As a jockey, Kieren Fallon had a unique rapport with his horses, often coaxing them to victory when others had struggled. His skill and commitment made him a punter’s favourite. His magnificent record, which saw him crowned Champion Jockey on six occasions, ensured he became one of racing’s biggest stars.
But that was only ever part of the story. Having come over to the UK from Ireland to make his name, Fallon’s combative nature brought him to the attention of the racing authorities. When he dragged a rival jockey off his mount in 1994, he began a series of run-ins that would eventually see him on trial in the Old Bailey, accused of race fixing. Although the judge eventually ruled that there was no case to answer, the damage to his career and reputation had been done.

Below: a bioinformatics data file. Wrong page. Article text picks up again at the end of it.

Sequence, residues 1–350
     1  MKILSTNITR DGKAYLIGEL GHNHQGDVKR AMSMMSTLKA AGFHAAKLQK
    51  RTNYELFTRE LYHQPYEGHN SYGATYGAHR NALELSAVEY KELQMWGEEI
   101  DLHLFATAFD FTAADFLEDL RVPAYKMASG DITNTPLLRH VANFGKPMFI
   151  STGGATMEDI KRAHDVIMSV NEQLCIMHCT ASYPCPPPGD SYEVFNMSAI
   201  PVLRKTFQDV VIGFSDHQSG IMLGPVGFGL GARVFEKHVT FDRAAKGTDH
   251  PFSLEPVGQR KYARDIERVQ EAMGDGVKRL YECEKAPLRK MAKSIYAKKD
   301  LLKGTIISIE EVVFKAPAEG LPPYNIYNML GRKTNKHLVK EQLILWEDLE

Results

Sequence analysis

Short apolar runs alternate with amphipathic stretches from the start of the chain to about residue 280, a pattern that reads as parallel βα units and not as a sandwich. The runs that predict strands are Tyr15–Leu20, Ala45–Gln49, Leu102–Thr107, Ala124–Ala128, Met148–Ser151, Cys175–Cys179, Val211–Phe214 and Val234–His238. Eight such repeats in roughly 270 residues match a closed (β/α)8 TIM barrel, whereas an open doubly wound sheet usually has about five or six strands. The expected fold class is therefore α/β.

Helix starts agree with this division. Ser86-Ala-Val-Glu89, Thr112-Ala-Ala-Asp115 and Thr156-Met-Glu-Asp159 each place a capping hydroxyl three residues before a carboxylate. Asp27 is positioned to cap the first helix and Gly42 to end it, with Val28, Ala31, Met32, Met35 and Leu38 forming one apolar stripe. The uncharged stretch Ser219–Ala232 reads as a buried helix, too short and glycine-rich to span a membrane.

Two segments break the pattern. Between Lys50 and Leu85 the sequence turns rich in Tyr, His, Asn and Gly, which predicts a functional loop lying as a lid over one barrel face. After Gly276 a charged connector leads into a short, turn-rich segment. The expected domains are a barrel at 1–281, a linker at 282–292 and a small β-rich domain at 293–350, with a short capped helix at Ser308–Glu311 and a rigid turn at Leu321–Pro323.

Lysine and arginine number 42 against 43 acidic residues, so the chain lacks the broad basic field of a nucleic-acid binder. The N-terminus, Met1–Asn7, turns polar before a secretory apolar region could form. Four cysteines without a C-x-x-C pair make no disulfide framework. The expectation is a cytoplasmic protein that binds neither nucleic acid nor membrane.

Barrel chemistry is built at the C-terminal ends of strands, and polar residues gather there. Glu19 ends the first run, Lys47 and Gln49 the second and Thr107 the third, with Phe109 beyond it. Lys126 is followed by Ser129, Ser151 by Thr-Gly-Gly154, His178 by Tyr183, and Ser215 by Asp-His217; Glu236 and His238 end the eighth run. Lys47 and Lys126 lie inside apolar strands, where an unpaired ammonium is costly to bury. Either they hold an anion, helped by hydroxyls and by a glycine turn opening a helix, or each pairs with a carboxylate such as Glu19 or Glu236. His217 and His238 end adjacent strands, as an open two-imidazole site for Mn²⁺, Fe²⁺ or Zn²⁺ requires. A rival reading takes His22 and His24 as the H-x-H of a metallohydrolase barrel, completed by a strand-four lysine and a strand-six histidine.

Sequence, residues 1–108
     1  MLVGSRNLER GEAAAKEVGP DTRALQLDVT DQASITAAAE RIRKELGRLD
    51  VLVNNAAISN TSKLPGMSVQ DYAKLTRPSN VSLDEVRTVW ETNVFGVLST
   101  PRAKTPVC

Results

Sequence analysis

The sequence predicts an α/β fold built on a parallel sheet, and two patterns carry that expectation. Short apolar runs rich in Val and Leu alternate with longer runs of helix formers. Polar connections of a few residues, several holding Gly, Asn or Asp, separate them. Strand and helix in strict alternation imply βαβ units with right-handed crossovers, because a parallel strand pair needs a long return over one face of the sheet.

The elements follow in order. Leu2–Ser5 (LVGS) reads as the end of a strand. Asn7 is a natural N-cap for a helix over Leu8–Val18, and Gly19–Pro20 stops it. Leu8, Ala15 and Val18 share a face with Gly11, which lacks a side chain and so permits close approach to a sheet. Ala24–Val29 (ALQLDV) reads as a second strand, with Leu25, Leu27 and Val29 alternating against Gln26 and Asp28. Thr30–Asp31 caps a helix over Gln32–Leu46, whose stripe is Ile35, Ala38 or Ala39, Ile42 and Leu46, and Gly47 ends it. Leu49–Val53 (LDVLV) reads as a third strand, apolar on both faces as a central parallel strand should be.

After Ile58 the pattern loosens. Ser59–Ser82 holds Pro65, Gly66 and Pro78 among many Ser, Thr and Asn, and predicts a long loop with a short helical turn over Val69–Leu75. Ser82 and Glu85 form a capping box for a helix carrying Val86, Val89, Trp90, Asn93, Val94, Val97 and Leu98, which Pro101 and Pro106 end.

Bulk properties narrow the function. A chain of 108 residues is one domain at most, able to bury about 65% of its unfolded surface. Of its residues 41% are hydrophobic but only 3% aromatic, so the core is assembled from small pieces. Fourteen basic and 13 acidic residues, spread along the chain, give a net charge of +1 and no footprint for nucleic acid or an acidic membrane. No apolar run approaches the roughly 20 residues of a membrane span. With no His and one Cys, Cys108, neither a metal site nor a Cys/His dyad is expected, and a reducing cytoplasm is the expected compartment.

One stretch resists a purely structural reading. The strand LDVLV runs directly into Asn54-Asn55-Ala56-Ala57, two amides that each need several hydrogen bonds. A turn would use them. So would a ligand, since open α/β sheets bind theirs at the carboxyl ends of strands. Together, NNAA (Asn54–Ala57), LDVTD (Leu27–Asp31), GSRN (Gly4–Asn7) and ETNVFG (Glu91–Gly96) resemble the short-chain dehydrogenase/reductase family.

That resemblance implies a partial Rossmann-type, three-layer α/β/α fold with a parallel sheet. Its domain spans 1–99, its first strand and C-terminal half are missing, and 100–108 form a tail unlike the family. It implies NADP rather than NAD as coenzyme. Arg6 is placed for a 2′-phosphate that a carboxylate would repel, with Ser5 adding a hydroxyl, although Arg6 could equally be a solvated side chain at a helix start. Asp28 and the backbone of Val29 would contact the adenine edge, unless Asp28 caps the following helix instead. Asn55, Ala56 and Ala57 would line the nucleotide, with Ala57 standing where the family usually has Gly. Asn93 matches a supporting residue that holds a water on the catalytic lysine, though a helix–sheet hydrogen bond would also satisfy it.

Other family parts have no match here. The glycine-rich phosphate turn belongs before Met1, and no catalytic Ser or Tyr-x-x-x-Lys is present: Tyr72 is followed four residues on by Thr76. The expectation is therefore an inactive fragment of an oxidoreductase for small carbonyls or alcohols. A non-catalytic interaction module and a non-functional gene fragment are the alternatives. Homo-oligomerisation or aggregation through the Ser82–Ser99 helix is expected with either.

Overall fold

In Form, Kieren Fallon provides a searingly honest account of his life, and the pressures he faced to get to the top of his sport, where winning was never enough, and where relaxation came in the shape of a bottle of vodka or a meal that had to be ‘flipped’ immediately to ensure he maintained his weight. He worked with some of the best trainers and won all the biggest races, but true happiness only ever really came to him when he was on the back of a horse – a joy that he still feels now that he has retired from racing as he rides work early in the morning.
Brutally honest as well as entertaining, this is a unique sporting memoir.